5 Summer Cocktails and Drinks You Can Enjoy Without Killing Your Diet

One of the most deceptive ways to break any diet can be drinking alcohol. Even the healthiest eaters can frequently overlook the calorie count that accompanies an evening at the bar with friends. Drinking a beer isn’t likely to feel as indulgent as eating a donut, which is why being careless with drinks can lead to a roadblock in your goal of being healthier this summer. Part of the downside of drinking is that it’s usually done just before bed, so there’s minimal burning of sugar and calories going on afterwards. If you eat an unhealthy lunch, you may have a lot of physical and mental activity left in your day to help keep all the carbs from going straight to your waistline; having a few drinks and then just hit the sack, not so much.

As is the case with food, there are ways to enjoy alcohol without packing on pounds and feeling tired the next day. The first way you can do this is by drinking in moderation. Any type of alcohol consumed in excess is likely to sabotage your waistline to an extent. Plus, when we’re drinking a lot during the summer months, we tend to be hydrating less frequently. That, paired with the heat of summer, can lead to dangerous dehydration that could leave you feeling fatigued and dizzy, and that could manifest in other ways, like throwing your metabolism off. Aim for one glass of water per drink. Lastly, try not to use sugary sodas as mixers if you can avoid it. It may not seem like much when combined with ice and alcohol, but after a few refills, 12+ ounces of soda is the last thing your body wants right before bed.

With that said, we’ve collected a few tasty alternatives to Rum and Coke that will leave you looking and feeling better in the moment as well as the next day.

Bloody Mary

Quite the bitter beverage, this is not everyone’s favorite drink. It is beloved by many though, and it’s one of the healthier cocktail options out there. In addition to an absence of sweeteners, Bloody Mary’s are packed with vitamins and antioxidants. Ingredients include tomato juice, Worcestershire and Tabasco sauces, horseradish, vodka, salt and pepper, and a celery stem. This is one of the few drinks often preferred during the daytime.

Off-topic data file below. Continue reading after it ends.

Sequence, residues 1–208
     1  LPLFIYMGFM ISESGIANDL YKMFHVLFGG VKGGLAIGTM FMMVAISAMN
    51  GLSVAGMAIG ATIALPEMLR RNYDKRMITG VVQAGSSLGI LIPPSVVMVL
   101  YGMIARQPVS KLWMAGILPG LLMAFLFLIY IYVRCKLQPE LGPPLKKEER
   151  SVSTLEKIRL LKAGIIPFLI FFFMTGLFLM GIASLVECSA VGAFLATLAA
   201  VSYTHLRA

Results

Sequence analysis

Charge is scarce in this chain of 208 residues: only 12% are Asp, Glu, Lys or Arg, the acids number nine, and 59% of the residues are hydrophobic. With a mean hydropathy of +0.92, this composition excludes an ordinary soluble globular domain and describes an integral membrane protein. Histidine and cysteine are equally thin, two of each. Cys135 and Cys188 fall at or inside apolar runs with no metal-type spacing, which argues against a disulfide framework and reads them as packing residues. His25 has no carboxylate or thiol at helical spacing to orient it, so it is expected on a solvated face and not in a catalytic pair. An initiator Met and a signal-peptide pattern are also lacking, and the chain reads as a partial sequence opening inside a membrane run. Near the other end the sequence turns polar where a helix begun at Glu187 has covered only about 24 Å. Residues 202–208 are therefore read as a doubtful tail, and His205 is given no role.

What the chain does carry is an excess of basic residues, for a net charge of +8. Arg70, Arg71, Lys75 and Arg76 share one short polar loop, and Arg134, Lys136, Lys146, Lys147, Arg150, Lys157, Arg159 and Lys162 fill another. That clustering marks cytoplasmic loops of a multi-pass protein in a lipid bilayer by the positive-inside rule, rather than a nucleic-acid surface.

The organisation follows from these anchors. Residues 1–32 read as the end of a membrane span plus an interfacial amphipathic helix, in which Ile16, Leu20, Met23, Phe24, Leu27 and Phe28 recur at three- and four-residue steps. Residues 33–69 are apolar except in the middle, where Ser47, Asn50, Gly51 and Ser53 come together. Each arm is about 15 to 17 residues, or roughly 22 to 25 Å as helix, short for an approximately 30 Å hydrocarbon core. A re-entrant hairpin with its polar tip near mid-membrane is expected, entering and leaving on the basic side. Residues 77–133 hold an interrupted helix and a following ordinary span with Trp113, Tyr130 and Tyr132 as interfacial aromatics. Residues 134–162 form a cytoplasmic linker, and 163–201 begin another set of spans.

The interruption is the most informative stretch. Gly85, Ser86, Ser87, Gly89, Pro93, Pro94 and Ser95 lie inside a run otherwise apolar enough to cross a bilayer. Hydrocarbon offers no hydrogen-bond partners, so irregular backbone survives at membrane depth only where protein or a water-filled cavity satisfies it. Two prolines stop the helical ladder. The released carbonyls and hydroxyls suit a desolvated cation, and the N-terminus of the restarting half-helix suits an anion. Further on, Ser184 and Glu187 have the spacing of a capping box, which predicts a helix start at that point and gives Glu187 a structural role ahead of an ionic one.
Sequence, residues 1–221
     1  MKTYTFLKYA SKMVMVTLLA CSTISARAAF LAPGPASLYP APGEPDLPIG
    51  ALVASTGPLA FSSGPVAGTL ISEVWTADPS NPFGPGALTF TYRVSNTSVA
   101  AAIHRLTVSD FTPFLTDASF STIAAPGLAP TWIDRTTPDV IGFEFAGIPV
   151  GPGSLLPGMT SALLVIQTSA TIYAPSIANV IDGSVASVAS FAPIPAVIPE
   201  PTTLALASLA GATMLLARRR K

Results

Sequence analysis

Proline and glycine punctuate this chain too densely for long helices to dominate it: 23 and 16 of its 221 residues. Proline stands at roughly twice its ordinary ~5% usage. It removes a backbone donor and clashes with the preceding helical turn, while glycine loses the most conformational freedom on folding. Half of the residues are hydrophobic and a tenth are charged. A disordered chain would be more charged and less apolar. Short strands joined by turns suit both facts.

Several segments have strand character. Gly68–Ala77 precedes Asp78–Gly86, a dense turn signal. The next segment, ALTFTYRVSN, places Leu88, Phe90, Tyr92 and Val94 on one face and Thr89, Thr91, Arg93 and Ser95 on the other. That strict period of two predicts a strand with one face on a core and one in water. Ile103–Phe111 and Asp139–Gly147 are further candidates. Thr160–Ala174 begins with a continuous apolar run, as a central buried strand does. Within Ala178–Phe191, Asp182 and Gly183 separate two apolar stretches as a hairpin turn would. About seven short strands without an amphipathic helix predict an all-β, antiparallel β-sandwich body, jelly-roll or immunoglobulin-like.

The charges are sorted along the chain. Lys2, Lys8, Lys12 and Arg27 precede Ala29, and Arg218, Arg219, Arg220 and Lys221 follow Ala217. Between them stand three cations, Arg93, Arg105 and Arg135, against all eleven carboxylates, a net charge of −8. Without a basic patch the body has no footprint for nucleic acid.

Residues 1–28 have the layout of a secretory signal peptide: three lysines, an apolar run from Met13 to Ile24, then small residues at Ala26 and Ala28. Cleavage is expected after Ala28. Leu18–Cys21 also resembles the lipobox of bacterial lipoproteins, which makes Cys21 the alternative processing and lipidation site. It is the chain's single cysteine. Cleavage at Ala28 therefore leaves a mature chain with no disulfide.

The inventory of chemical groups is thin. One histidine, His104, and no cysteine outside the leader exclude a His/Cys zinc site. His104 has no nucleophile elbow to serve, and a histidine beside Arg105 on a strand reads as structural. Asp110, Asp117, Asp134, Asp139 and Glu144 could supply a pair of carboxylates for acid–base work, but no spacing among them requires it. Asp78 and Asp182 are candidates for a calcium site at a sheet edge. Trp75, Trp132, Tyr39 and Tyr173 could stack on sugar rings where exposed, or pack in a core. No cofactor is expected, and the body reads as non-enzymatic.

Sangria

A wine-based cocktail, mixed with fruit and (often) liquor, this is a summertime favorite for all. There are dozens of different ways to make tasty sangria, some healthier than others. Which fruit you want to be the main ingredient is up to you, but the most important thing to remember is to use real fruit. Choosing natural sugars found in fruit as a sweetener instead of pre-made mixes provides a more refreshing taste and lower glucose levels.

Guinness

We know what you’re thinking; Guinness is a thick beer. After all, it’s called a stout for good reason. Despite it’s thick composition, a 12-ounce can has less than 130 calories. Unlike most other beers, it also contains healthy antioxidants, similar to red wine. It may not be your go to beach beer, but it’s a perfect beer to sip on a summer night during those long conversations with your best bud.

Gin and Tonic

Everybody has a friend whose drink is a gin and tonic. Typically they’re probably not ordering it to be healthy, but indeed it’s a far better alternative to, say, a whiskey ginger. A single has only 103 calories. It also gives you incentive to hang out with that friend more this summer, who may or may not be a little too cool for school sometimes.

Sea Breeze

This tasty cocktail just sounds like it was made for summer. Perfect for nearly any occasion this time of year, a Sea Breeze is an easy to make combination of grapefruit and cranberry juices and vodka, paired with either an orange slice or lime wedge as a garnish. Best served on the rocks. Bring the beach to you, whether you’re in a crowded bar or a friend’s back porch.

About Zac Howard

Zac Howard is a writer on The Path Editorial Team. He is a graduate of Florida State University and is currently pursuing a master’s degree in magazine journalism at NYU. With his passion for lifting and dieting, Zac enjoys writing about all different kinds of exercise as well as keeping up with the latest news in the world of fitness. In addition to his contributions on The Path, he is a fitness beat writer for NYU Magazine. For more of his work, visit NYUMag.com.